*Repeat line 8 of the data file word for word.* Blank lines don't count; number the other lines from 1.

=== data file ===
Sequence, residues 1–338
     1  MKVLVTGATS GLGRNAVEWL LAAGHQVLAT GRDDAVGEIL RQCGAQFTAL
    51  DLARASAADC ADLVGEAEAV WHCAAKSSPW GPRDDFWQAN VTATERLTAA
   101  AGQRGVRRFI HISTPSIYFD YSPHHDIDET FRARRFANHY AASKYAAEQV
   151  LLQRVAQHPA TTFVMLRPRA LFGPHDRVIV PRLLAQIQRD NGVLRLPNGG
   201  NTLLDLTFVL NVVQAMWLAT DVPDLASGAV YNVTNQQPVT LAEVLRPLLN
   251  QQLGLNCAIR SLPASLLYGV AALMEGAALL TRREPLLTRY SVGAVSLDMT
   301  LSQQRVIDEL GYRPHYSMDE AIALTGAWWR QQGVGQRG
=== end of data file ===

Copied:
   301  LSQQRVIDEL GYRPHYSMDE AIALTGAWWR QQGVGQRG